“The fact of the matter is that this is about the kids in those schools for whom this is their life,” passionately stated education policy wonk Lisa Graham Keegan when I called her up last month to ask about a recent article about public or private schools that was taking the internet by storm.
In case you missed it, last month, an article on Slate magazine caught on fire for its titillating headline and broad sweeping statements. After telling parents who opt for private school that they are bad, not-quite-serial-killer-bad but flirting with it if they send their kids to private school, Allison Benedikt went on to argue that if everyone would send their kids to public school, sure, it might totally suck for those kids now but if we all go all-in, we’ll all be invested and ultimately, we’ll have a nation of first-rate public schools.
Like just about everyone else, I had a few reactions. One of them was – could she be right? I also thought the author came across like a huge asshole and the editors at Slate wrote a brilliant headline to draw in high web site traffic numbers – but cutting through the sensationalism of her piece – for days I kept wondering – could there be truth in her argument?
I’m a believer in public schools. I send my oldest daughter to public school, I will send my younger one-off to public Kindergarten next year. Therefore I could read this article in good conscience, right? Following Benedikt’s logic, I’m not going to be judged next to men who have human heads stashed in their freezers because I went public. I am invested in the good of our system, right?
But see, it’s not that simple. I had the ability to move to a new house last summer and part of that decision was driven by the public elementary, middle and high schools my children would be tracked to attend by virtue of my zip code.
Isn’t this part of the reason why Benedikt’s logic and article kept gnawing at me for days? When you have means, you are self-selecting , when it comes to sending children to public schools. So when it’s self-selection, conveniently couched as public school supporters, do we actually have integrated schools? And do others really have a choice?
I have a general rule of thumb when evaluating what to write about for my blog: if I’m still thinking about it three days later, it’s a blog post.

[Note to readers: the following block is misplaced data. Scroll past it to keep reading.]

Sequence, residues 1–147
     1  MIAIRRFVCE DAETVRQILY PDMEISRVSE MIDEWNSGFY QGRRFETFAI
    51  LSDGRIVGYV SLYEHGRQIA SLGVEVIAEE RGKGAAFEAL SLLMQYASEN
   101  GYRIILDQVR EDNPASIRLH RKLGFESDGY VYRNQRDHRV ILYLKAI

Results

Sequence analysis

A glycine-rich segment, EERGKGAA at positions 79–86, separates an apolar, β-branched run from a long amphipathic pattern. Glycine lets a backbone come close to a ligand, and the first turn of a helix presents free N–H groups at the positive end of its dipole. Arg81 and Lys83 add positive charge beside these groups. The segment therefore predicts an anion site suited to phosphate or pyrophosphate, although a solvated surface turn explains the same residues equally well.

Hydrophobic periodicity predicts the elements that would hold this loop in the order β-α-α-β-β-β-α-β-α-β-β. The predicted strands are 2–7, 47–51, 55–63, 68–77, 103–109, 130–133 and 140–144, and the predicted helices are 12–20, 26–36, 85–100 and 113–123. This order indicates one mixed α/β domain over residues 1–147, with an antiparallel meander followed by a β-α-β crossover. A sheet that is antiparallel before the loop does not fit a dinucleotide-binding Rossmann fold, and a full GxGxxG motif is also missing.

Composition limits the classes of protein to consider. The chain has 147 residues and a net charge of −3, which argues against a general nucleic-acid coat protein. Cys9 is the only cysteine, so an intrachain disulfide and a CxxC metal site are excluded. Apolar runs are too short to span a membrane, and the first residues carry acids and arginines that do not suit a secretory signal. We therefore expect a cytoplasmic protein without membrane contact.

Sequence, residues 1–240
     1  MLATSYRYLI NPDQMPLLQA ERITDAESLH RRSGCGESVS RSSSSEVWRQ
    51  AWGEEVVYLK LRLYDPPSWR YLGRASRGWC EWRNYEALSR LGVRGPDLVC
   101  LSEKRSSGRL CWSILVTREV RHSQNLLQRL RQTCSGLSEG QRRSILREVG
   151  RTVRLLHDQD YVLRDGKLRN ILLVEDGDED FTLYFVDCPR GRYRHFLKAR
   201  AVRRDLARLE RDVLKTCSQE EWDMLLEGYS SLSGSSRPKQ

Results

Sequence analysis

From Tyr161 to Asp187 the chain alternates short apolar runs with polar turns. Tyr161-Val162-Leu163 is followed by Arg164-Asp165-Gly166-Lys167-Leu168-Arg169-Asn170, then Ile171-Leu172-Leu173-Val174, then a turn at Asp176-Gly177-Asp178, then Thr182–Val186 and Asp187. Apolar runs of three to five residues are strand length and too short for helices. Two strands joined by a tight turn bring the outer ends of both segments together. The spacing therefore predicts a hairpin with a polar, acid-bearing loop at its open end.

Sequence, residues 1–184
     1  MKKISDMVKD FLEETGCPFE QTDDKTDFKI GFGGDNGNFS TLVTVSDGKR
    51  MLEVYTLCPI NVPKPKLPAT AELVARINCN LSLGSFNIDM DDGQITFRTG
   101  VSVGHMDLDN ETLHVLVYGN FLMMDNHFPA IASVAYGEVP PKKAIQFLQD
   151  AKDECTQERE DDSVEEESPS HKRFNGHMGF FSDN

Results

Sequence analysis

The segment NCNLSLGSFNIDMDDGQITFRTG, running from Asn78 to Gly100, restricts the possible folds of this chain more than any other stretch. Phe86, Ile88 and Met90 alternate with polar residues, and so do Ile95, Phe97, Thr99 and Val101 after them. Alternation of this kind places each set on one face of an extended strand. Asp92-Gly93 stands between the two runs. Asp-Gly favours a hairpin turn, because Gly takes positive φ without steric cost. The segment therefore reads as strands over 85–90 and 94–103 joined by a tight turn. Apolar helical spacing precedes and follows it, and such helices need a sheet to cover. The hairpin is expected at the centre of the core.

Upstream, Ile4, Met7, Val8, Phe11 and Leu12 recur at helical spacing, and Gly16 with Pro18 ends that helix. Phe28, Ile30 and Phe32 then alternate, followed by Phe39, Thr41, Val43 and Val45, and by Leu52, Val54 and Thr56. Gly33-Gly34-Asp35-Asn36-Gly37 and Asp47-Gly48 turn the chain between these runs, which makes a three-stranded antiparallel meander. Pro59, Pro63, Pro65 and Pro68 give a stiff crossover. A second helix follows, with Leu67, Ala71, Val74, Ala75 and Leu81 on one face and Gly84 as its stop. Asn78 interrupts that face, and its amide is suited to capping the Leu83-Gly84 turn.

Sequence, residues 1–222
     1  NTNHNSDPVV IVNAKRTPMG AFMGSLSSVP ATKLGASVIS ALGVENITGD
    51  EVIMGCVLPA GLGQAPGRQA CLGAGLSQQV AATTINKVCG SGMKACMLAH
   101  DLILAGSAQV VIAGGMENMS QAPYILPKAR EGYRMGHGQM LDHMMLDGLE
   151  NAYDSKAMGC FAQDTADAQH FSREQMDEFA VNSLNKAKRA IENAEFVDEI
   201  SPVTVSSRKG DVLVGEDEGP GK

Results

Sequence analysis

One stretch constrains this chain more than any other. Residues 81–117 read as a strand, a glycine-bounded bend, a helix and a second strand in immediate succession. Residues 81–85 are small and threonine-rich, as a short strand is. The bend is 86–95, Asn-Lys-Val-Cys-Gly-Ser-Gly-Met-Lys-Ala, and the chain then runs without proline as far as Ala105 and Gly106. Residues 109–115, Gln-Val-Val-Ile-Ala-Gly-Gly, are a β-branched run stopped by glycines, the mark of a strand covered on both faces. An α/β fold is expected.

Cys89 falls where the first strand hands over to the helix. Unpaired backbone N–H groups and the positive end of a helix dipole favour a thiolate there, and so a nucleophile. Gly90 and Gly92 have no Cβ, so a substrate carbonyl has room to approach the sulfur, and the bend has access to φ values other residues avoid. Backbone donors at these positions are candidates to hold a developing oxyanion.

Obviously the Slate article needed to be turned into a blog post. But I needed more to turn this into a blog post. Though I’m not a reporter, I decided to act like one a bit. Benedikt quickly notes at the start of her piece that she’s “not an education policy wonk.”
Funny, neither am I.
But what makes me different from her is this – I thought – well wouldn’t it be interesting to actually speak to someone who IS an education policy wonk, not to mention a mother who has 5 kids who went to 6 different high schools, some public and some private, and see what she thinks about this argument? Wouldn’t that be useful and constructive for all of us?
Might it be helpful to have an informed debate and conversation about the decisions we make in terms of our children’s education – instead of well – you know, telling thousands of American parents that they’re one step above Jeffrey Dahmer?
I turned to Lisa Graham Keegan. She was an education policy advisor to John McCain during both his presidential campaigns, she’s been an elected official, she even authored much of Arizona’s education reform legislation in the 1990s. To boot, she’s dynamic, funny, smart and interesting. Most importantly, she’s put those 5 kids I just mentioned through high school and has experienced both worlds: public and private. I wanted to know what she had to say.
Also, I really had only one question for her. Here’s what I asked her: “Lisa, do you think there is any merit to the argument that if all parents went all-in, our public schools across the country would eventually improve?”
The following is a synopsis of what Lisa had to say.
- First, she noted that though the author offered a shallow analysis of the state of our public education system, she also acknowledged that she was grateful for the article. She said that the writer was, in fact, dead on. That if our system for educating children meant we all had to be in the same boat, we all had the amount of money needed for every child and could calculate that individual amount differently based on the child’s need and then let that child go to the school that works for them, then every single one of us would be lobbying for resources and the liberty to choose the school that works for our child. And that issue of choice in schools was at the essence of so much of Lisa’s logic – what we don’t have right now in our country for so many hundreds of thousands of children – is the liberty to choose the right school for the child.